How to Use a Contractor With No Insurance

By Glenda Taylor - Updated April 13, 2017
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You’ve found a contractor, seen his work, heard rave reviews about him and want to hire him for your project. However, he doesn’t carry general liability insurance, and you want to protect your financial investment. There are states and communities that don't require a contractor to carry insurance. If the contractor you've chosen doesn’t, you can still work with him. However, it's advisable to take cautionary measures to protect yourself.

Check the contractor’s references carefully and ask former clients about the contractor’s safety practices. If you’re going to use an uninsured contractor, minimize your risk by making sure he's responsible.

Contact your homeowner’s insurance agent to determine what type of damages your policy covers.

Ask to see insurance certificates from subcontractors. Often the contractor will hire out some of the specialty work, such as plumbing, wiring and roofing. If these subcontractors have insurance, you’ll be better protected.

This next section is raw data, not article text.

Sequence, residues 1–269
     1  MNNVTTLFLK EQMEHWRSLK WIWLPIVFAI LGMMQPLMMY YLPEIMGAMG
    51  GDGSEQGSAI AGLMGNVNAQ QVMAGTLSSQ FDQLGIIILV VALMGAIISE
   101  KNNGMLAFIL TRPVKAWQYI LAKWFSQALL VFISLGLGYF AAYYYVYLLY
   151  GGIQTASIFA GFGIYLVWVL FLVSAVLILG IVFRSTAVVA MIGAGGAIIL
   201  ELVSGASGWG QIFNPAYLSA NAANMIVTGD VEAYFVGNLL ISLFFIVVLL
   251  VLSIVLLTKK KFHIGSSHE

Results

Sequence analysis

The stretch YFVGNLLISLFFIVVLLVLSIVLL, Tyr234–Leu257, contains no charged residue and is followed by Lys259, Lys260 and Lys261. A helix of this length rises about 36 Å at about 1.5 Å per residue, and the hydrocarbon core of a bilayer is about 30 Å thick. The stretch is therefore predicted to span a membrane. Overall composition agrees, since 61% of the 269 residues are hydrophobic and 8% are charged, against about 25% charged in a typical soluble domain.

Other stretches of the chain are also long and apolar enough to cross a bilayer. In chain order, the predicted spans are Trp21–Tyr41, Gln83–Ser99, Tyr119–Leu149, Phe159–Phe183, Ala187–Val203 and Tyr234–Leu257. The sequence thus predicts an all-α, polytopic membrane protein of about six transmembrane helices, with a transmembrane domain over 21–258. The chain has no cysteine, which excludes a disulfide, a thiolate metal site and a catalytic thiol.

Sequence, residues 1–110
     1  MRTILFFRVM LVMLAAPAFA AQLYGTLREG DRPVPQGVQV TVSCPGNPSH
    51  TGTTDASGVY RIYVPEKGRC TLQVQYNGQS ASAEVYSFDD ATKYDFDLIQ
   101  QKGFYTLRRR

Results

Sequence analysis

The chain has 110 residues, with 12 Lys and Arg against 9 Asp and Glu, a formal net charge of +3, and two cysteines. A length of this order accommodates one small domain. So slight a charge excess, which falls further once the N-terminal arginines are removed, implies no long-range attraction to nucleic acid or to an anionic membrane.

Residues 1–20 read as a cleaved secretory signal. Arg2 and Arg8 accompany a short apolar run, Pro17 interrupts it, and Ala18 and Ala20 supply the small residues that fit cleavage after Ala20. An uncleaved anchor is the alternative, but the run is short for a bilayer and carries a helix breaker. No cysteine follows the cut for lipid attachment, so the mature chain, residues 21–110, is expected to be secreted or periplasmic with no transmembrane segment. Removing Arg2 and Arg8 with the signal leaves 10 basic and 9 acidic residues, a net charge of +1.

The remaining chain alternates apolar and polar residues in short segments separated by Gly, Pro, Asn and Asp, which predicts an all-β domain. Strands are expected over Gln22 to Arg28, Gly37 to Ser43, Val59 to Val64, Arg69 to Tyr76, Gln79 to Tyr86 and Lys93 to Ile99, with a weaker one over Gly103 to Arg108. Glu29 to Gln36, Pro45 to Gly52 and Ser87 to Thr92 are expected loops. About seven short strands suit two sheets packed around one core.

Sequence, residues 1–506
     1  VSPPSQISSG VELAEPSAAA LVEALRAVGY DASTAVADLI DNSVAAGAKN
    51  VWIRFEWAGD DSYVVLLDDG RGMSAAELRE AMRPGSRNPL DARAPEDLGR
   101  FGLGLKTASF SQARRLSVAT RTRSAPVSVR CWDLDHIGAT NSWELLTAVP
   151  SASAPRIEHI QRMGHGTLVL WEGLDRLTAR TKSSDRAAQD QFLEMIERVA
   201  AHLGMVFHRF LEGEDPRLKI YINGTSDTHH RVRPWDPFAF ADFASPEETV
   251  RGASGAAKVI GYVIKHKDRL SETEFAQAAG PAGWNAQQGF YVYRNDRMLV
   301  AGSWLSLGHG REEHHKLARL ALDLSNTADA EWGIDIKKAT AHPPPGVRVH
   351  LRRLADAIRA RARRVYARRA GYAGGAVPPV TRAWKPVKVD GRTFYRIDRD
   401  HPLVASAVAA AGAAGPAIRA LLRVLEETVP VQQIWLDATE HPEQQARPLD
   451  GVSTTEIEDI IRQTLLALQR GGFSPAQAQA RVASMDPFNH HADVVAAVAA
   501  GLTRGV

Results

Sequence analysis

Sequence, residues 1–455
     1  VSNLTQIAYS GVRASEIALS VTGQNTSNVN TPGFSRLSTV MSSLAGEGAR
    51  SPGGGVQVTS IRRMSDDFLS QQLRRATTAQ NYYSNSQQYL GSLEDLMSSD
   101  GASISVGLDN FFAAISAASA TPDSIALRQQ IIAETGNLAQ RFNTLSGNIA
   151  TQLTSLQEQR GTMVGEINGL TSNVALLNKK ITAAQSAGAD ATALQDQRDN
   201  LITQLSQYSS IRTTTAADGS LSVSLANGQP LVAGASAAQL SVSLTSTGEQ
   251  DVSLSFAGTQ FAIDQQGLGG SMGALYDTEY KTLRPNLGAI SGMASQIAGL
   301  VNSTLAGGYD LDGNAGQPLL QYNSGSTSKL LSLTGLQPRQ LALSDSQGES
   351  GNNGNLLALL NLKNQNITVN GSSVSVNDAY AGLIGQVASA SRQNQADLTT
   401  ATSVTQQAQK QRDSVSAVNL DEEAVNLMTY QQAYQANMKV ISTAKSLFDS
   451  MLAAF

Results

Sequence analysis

Purchase a builder’s risk policy if you’re building a new home or undertaking a major remodel. This is an individual policy for a period of one year that covers your investment in materials and labor if damage, vandalism or theft occurs.

Ask the contractor and the workers to sign a waiver that releases you from all responsibility for injuries that occur during construction. Use a separate form for each worker. An attorney should write the waiver.

Tip

Even the most careful contractors can have accidents. If he’s not insured, make sure you are.

If your state requires that all contractors carry insurance, don't use an uninsured contractor.

Warning

Ask for proof of worker’s compensation. Unlike general liability insurance, a contractor must carry worker’s compensation on his crew. If he doesn’t carry worker's comp, use another contractor.

About the Author

Glenda Taylor is a contractor and a full-time writer specializing in construction writing. She also enjoys writing business and finance, food and drink and pet-related articles. Her education includes marketing and a bachelor's degree in journalism from the University of Kansas.

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